ALTAMONT — Close to 50 people gathered at the Ballard Nature Center Saturday to learn about prehistoric creatures that at one time roamed the Earth.
Brian Poelker of Heartville has held an annual Family Science Day at the nature center for the past 12 years and this year the event focused on geology, which Poelker has extensive knowledge of.
The retired Eastern Illinois University instructor taught geology for 28 years in Peoria before retiring and taking a position at EIU. In 1993, Poelker received national recognition for teaching geology from The Geographical Society of America.
This year he put out a massive display of dinosaur-related artifacts.
“This is more look and question than hands on,” Poelker said, referring to his previous science events.
“Tonight we are bringing the museum here,” he said.
Poelker collects dinosaur artifacts from around the world. He said a majority of Saturday's display he collected while on research trips, or digs, to Utah.
“You teach this stuff for 43 years, you collect stuff,” Poelker said. “Then my wife says you’ve got to get it out of the basement and bring it here to show.”
And he did. Poelker lined the walls of the Ballard Nature Center lower level with his findings over the years. Among the hundreds of items on display were a left rib and a right fibula from a Hadrosaur dinosaur found on an Indian Reservation in Browning, Montana.
Poelker made a short presentation of close to 40 slides with a primary focus on the Two Medicine rock formation in north central Montana, where fossils and bones of dinosaurs have been discovered. He said the formation is a thick deposit of rock divided into sections — upper, middle and lower.
In the upper level of Two Medicine, Poelker said the types of dinosaurs found include the Hypacrasaurus, Prosaurolophus and Daspletosaurus. In the middle layer of rock, remains of Maiasaura, Troodon and Gorgosaurus dinosaurs were found while in the lower level, Achristavus dinosaur fossils and bones were found.
According to Poelker, the Achristavus dinosaur had a duck bill (head that looked similar to a duck) perfect for grazing. He said another term for the duck bill dinosaur is Hadrosaur.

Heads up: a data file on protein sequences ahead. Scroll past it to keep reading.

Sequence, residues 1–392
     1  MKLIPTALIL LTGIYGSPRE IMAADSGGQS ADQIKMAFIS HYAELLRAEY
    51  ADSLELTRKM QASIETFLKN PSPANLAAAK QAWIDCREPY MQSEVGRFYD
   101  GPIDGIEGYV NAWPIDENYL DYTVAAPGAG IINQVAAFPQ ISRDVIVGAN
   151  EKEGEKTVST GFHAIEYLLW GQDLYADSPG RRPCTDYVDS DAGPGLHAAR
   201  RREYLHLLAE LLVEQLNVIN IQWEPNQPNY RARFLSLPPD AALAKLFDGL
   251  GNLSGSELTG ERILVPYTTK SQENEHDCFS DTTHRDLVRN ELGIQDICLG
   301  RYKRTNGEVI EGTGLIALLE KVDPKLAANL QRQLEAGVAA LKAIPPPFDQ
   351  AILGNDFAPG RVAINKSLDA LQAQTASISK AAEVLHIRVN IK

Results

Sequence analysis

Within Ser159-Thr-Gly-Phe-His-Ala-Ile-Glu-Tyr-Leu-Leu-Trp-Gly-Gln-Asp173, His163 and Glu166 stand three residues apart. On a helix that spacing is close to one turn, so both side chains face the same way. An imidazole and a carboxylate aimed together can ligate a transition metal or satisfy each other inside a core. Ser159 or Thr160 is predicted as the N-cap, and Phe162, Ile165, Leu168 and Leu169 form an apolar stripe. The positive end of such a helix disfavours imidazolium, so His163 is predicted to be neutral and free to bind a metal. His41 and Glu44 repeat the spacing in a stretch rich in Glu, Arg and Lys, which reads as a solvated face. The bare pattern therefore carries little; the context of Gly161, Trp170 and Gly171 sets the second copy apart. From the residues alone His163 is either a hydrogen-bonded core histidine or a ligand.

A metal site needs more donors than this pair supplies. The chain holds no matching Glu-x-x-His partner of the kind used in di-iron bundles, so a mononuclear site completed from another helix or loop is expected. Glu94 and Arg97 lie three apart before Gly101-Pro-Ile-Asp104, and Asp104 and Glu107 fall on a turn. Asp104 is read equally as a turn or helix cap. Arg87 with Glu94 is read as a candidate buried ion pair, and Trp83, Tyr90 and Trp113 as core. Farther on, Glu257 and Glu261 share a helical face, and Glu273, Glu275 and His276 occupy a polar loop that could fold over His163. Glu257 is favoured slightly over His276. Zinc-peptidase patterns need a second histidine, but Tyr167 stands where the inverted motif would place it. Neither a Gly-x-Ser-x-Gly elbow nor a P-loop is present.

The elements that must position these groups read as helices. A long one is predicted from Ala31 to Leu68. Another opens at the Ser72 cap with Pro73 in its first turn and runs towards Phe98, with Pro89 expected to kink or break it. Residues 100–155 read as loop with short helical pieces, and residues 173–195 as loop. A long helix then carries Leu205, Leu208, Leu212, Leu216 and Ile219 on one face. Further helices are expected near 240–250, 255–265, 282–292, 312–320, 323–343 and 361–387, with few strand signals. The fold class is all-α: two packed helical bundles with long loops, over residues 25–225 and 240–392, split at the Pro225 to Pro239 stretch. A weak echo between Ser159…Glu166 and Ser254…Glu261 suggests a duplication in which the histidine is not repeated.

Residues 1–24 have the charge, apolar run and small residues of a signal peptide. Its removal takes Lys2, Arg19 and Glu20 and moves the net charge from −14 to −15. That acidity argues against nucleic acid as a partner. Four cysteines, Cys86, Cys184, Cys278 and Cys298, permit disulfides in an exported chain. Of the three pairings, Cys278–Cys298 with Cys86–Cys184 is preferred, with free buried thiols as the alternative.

Poelker went through the different species of dinosaurs, giving the audience an idea of how big they were believed to be and highlighting predominate features, such as how their physical appearance were thought to be and showed several drawings and illustrations during his presentation.
Poelker also noted other characteristics during the presentation. The Hypacrasaurus, found in the upper level of the Two Medicine Formation, were thought to have moved in herds or flocks, he said.
After the presentation, Poelker fielded questions from the children who followed him around the room as he talked about the different items he had on display.
Cary and Dina Jackson of Dieterich brought their two children, Gabe and Grace, to Saturday’s presentation. It was their first time to experience one of Poelker’s presentations. Cary Jackson is the superintendent of Dieterich Schools while his wife, Dina, is a second grade teacher.
“He is very interested in dinosaurs and entering the field of paleontology as a career,” Cary Jackson said of his 12-year-old son, Gabe, who was carefully examining Poelker’s exhibit.
“I thought it was interesting how accessible the fossils are and how many there must be,” Cary Jackson said about the evening presentation. “
“It is interesting they are finding so many bones,” Dina Jackson said. “And how they put the skeletal pieces together to figure out what parts of the body they are making.”
“I look at it and see a rock,” Dina Jackson said. “You have to have an eye for what you’re looking at.”
Amy Stewart brought her two sons, Kaiden and Brendan, to the presentation from Effingham and has attended presentations by Poelker in the past.
“We enjoy learning about dinosaurs,” Amy Stewart said. “And seeing all of the fossils he has collected.”
“We also enjoy being able to have the hands on, being able to touch them and see them in person,” Stewart said. “We think that’s pretty cool,”
“Also he does a great job with his presentations” Stewart added.
Charles Mills can be reached at firstname.lastname@example.org or by phone at 217-347-7151 ext. 126.